Learning to Live in a Liquidity Trap
The Taylor rule in combination with the zero lower bound on nominal rates has been shown to create an unintended liquidity-trap equilibrium. The relevance of this equilibrium has been challenged on the basis that it is not stable under least-square learning. In this paper, we show that the liquidity-trap equilibrium is stable under social learning. The learning mechanism we employ includes three realistic elements: mutation, crossover, and tournaments. We show that agents can learn to have pessimistic sentiments about the central bank's ability to generate price growth, giving rise to a stochastically stable environment characterized by deflation and stagnation.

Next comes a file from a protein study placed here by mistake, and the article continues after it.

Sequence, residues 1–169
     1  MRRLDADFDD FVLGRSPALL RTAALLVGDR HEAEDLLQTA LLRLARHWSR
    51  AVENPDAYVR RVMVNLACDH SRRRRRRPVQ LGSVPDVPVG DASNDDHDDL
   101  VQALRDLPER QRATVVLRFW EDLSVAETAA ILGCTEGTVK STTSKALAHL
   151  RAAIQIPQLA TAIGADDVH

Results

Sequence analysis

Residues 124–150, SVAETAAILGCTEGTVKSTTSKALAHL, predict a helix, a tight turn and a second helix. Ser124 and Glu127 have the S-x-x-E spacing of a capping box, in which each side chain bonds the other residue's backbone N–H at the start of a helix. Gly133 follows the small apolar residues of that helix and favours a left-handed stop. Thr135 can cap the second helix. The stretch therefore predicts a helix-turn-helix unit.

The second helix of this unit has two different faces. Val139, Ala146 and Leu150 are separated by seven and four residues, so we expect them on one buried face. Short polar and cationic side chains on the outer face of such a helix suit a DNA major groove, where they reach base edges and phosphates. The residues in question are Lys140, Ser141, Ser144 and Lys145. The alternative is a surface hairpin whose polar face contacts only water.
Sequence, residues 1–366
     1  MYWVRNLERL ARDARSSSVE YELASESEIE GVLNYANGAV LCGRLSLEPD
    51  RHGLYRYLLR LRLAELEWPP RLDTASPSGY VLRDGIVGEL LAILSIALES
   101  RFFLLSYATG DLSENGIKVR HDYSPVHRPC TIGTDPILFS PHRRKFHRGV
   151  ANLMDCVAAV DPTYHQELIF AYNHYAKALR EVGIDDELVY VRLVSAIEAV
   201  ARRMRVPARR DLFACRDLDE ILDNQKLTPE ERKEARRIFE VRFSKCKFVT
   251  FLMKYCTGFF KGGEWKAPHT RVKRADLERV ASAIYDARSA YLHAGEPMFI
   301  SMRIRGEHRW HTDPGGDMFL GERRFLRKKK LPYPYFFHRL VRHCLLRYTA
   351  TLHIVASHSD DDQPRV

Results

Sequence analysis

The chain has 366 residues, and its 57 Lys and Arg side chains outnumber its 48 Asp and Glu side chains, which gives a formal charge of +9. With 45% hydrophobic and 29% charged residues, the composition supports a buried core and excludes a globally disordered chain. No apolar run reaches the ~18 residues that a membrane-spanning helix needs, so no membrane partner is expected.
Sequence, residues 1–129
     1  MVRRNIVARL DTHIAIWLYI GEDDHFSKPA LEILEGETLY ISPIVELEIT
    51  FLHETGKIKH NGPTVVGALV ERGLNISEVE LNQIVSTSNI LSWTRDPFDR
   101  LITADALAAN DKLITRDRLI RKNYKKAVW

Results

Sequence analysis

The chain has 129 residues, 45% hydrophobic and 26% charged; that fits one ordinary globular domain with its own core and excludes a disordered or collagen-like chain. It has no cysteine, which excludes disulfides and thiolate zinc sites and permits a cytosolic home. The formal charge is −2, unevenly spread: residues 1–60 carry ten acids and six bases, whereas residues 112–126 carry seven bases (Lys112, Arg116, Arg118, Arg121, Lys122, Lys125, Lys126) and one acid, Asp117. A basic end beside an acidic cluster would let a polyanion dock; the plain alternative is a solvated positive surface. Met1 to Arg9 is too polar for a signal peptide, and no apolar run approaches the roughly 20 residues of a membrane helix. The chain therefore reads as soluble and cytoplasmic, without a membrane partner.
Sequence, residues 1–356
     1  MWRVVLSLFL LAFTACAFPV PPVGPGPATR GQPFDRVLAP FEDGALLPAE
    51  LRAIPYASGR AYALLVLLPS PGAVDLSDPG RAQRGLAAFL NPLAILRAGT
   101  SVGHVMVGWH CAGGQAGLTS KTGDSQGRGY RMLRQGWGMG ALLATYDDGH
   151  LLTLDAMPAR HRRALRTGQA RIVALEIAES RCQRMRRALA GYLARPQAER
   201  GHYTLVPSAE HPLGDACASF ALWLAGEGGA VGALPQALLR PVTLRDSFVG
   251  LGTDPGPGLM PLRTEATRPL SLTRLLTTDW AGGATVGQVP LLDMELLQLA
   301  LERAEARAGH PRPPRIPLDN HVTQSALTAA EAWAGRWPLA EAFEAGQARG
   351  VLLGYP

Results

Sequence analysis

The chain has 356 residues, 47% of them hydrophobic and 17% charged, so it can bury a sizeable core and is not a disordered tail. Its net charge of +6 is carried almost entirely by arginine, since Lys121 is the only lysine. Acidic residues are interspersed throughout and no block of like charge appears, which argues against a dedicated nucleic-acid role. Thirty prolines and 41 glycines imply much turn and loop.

We thank for comments seminar participants at the July 2017 Stony Brook Workshop on Theoretical and Experimental Macroeconomics. The views expressed herein are those of the authors and do not necessarily reflect the views of the National Bureau of Economic Research.